Frick exhibit showcases contemporary ceramics inspired by lush art of 18th century
January 6, 2016 12:00 AM
"Forbidden Fruit Dinner Party" is among the works in the show at The Frick.
Chris Antemann in collaboration with Meissen Couture®
"A Taste of Paradise" is on display at The Frick.
ANTEMANN DREAMS Collection (Limited Edition)
"Fruit Pyramids," are among the works on display at The Frick.
By M. Thomas / Pittsburgh Post-Gazette
In this holiday season, a magical miniature world at The Frick Art Museum is both naughty and nice. Its denizens are fanciful and remote yet recognizable and contemporary. And the artworks are simply exquisite.
“Forbidden Fruit: Chris Antemann at Meissen” comprises porcelain sculpture made by the internationally known ceramist and Johnstown native while in residence at the Meissen ArtCampus in Germany.
If you go
“Forbidden Fruit: Chris Antemann at Meissen”
Where: The Frick Art Museum, 7227 Reynolds St., Point Breeze.
When: Through Sunday.
Hours: 10 a.m.-5 p.m. today through Sunday.
Event: Winter Friday at the Frick, 6-9 p.m. Friday. Closing party for the exhibition featuring wine and champagne bar, meet the artist, gallery talks. The car and carriage museum and museum store will be open (free admission). Reserve for Clayton holiday tours or dinner at The Café.
Film: Noon Friday, “Valmont,” 1989, 137 minutes, rated R. Directed by Milos Forman and starring Colin Firth, Annette Bening and Meg Tilly, the lavishly produced drama offers a tantalizing take on taboos in 18th-century France. Anyone under 17 requires an accompanying parent or adult guardian. Parents are advised to learn more about the film before bringing young children (free).
Books: A gallery booklet with essays by Frick director of curatorial affairs Sarah Hall and associate curator Dawn Reid (free). A 92-page book published by Meissen documents the project and resultant artworks ($52; members $46.80). Both contain beautifully reproduced images.
Information: 412-371-0600 or www.TheFrickPittsburgh.org.
Scantily clad figures flirt and romp in gardens, on a settee and on table tops. That may raise eyebrows or provoke a smile dependent upon whether the works are viewed as over-the-top sensuality, or as wry commentary.
Ms. Antemann, who will attend a public reception Friday at the museum, was inspired by 18th-century figurines produced by porcelain manufacturers such as Meissen, which was founded in 1710 and is Europe’s oldest. She also references Rococo style and mores, particularly as represented by artists Jean Honoré Fragonard, Antoine Watteau and François Boucher — all known for their decorative, erotic depictions of amorous aristocrats.
One series exhibited, “The Pleasure Garden,” gives three-dimensional form to vignettes in Fragonard’s four large panel paintings, “Progress of Love.” Commissioned by Madame du Barry, mistress of Louis XV, for the château de Louveciennes, they address infatuation from initial declaration to later reflection. The paintings were purchased by Henry Clay Frick and are part of The Frick Collection, once a family home and now a Manhattan museum.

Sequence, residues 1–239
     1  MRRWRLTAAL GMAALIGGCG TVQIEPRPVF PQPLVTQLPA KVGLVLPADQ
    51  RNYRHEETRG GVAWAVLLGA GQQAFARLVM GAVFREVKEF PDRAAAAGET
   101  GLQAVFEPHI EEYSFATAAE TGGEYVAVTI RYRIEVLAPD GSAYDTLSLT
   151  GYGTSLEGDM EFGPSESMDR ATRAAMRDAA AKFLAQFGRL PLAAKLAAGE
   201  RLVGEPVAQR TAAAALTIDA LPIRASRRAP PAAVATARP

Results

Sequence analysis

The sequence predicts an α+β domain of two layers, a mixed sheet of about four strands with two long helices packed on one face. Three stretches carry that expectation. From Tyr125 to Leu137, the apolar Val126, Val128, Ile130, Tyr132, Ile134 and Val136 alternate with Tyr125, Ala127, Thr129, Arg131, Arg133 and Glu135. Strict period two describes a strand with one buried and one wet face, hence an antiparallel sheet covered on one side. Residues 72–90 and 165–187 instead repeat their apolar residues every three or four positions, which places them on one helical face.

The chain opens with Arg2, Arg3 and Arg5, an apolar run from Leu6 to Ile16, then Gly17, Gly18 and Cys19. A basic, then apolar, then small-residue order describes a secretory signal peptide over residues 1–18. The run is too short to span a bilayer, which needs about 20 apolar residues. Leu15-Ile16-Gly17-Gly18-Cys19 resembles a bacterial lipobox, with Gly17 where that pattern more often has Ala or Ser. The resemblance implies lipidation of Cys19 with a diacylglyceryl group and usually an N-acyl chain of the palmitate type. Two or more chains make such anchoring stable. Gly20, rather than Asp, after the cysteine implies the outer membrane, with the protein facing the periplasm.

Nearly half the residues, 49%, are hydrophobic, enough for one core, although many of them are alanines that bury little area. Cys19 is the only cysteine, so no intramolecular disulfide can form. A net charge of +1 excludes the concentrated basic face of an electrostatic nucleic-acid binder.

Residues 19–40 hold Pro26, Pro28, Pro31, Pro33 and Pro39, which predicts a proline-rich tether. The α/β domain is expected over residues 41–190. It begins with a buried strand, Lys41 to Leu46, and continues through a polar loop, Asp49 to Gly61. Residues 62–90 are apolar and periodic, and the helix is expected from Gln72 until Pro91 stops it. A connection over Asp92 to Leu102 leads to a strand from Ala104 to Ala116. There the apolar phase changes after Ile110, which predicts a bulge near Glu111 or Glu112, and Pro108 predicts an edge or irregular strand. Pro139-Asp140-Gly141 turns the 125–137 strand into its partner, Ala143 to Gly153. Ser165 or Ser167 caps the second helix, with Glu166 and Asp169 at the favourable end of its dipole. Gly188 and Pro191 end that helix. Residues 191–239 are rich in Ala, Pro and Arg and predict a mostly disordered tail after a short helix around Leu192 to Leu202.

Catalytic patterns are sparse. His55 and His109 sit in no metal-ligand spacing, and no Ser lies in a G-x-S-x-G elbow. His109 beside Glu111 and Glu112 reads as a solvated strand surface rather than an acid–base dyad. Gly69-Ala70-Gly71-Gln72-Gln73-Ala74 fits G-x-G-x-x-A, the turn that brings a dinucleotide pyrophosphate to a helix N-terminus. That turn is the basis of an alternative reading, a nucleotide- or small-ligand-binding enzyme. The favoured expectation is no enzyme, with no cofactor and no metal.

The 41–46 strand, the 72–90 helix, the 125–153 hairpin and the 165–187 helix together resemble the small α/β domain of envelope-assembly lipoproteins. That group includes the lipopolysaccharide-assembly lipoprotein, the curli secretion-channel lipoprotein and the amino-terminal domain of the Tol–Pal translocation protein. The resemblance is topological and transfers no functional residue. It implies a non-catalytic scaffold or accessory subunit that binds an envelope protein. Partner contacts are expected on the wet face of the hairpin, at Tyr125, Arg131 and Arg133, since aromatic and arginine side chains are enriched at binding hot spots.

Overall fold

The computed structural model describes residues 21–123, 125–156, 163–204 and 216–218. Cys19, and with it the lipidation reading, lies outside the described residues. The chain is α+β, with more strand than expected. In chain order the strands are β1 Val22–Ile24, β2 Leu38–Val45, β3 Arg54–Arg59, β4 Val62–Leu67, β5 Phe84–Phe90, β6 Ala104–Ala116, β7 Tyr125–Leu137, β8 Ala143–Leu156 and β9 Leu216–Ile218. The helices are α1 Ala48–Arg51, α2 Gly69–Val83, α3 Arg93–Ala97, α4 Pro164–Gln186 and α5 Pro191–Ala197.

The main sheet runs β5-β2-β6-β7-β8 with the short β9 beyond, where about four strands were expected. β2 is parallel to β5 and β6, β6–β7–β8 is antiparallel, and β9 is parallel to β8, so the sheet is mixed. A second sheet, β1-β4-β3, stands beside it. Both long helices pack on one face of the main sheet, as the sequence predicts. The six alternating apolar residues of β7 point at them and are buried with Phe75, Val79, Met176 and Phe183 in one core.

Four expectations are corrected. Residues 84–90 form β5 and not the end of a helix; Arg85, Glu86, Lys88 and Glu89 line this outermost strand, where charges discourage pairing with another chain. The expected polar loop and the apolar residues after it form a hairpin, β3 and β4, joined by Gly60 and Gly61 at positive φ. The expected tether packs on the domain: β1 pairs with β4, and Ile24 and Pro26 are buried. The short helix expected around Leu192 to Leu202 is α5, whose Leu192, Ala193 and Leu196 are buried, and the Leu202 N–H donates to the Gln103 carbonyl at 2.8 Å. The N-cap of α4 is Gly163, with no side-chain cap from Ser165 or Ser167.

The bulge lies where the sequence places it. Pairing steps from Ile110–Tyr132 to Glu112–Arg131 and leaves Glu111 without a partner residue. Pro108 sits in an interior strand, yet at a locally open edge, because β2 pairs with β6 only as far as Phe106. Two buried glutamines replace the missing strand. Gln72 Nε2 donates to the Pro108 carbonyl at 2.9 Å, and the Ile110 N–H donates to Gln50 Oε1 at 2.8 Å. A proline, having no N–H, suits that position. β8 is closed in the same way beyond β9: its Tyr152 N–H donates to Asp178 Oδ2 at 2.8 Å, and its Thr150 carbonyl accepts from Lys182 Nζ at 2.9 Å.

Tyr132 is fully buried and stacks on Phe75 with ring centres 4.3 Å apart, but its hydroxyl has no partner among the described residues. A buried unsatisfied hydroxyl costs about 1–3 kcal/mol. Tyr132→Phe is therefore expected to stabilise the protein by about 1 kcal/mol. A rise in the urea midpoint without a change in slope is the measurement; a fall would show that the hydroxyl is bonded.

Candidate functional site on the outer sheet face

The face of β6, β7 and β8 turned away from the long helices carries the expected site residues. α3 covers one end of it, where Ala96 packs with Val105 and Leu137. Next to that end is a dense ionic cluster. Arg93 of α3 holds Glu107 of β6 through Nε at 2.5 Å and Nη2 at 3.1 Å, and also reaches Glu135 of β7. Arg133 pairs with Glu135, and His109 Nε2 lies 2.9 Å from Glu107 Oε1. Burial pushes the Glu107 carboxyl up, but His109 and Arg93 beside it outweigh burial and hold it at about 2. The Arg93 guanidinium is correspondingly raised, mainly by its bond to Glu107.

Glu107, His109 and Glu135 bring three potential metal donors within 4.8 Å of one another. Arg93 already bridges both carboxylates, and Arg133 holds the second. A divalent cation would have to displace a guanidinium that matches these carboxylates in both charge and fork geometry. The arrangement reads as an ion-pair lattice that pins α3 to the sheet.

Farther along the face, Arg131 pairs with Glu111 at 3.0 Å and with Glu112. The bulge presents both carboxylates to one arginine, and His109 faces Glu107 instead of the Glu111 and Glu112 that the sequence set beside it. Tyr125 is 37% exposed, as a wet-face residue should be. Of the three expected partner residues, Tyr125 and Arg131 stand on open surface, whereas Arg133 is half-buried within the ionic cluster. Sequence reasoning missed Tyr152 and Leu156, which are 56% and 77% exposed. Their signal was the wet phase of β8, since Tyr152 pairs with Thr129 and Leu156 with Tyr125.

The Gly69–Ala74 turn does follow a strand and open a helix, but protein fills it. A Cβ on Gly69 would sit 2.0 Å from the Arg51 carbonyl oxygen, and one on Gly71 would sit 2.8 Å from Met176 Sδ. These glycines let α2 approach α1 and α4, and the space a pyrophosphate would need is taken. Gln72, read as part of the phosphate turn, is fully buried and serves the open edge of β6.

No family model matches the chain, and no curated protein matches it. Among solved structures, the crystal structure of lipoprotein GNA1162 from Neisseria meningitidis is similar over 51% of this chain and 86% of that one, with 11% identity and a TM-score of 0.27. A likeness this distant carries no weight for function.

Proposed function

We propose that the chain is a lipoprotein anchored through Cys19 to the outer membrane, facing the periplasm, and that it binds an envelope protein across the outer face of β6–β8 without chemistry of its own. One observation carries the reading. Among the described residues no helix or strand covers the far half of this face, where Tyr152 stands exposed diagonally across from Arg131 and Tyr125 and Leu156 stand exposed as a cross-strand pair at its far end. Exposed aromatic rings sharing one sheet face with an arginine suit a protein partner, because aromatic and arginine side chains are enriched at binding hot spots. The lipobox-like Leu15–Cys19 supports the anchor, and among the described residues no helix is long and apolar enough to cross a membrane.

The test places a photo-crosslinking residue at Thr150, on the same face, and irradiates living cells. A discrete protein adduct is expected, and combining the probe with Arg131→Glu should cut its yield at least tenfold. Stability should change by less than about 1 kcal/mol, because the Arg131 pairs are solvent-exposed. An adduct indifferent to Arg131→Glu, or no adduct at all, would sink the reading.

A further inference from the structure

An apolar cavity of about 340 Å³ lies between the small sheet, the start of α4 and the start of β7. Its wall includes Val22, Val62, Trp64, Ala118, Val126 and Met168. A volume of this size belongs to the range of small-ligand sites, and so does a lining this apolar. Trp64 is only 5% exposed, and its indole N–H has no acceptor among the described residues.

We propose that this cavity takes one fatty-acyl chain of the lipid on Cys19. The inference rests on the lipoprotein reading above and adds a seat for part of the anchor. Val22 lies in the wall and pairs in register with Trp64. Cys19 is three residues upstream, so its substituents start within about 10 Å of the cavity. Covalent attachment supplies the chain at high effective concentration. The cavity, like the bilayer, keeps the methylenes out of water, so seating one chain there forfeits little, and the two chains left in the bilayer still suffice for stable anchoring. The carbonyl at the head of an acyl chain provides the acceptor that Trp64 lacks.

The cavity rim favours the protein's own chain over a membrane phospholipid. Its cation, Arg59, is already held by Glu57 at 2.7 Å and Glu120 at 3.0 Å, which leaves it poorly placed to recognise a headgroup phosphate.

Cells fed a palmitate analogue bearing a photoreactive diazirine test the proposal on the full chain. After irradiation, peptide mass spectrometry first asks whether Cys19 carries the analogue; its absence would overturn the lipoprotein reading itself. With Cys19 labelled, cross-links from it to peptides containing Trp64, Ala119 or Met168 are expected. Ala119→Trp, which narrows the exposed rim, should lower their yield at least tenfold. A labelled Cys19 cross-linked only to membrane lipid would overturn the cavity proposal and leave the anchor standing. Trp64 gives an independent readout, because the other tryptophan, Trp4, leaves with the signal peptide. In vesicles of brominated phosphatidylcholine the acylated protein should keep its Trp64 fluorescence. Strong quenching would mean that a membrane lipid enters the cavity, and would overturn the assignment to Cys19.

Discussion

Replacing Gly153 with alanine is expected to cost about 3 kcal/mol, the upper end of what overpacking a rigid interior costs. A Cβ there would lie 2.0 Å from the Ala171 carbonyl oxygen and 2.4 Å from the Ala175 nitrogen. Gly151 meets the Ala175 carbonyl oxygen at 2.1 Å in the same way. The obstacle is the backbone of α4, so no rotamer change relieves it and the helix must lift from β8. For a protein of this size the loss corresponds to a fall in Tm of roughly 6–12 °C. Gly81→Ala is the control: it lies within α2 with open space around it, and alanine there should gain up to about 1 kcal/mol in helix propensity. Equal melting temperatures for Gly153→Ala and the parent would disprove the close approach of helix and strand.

In the late 19th and early 20th centuries, Mr. Frick collected Chinese and French porcelains, and a selection of porcelain and 18th-century French art from the permanent collection is displayed. This is also an opportunity to visit the museum’s 18th-century French salon period room, open for the first time since 2003.
Ms. Antemann, who lives in Oregon, earned an undergraduate degree at Indiana University of Pennsylvania and a master’s of fine arts from the University of Minnesota. She has worked in residence at the Meissen ArtCampus since 2011. She has also held residencies at the Archie Bray Foundation for the Ceramic Arts in Helena, Mont., and the John Michael Kohler Arts Center, Sheboygan, Wis. Her exhibition continues a commitment by The Frick Art & Historical Center to engage contemporary artists with its collections and history.
Porcelain first arrived in Europe from China in the 13th century and with more regularity in the 17th century. Meissen is given credit for the discovery of porcelain in Europe.
At Meissen, Ms. Antemann first models the figures and other components of her pieces. Glazing and other decorative applications follow. Molds are created from some of her models for limited editions produced with the assistance of a team of Meissen artisans.
The complexity, exactness and visual sensuousness of her works are what place them in the hallowed Meissen lineage. The “Forbidden Fruit Dinner Party,” for example, required 300 molds, the most in the manufacturer’s history; accents such as emerald eyes and cherry red lips are carefully painted and flawlessly fired.
The Rococo lushness engages the eye and may be a part of Ms. Antemann’s commentary on the distractions of pleasure that can override discretion, or on the ability of privilege to disregard it. Her female figures are coy, contemporized by the assertiveness of their gaze. The figures’ unblemished whiteness, their flowing golden locks, raise issues of class, ideals of beauty and race.
With “Forbidden Fruit,” the Frick reminds us that culture is constantly morphing even as some things stay the same, and of the relevance of considering our antecedents, whether object or habit.
M. Thomas: firstname.lastname@example.org or 412-263-1925.
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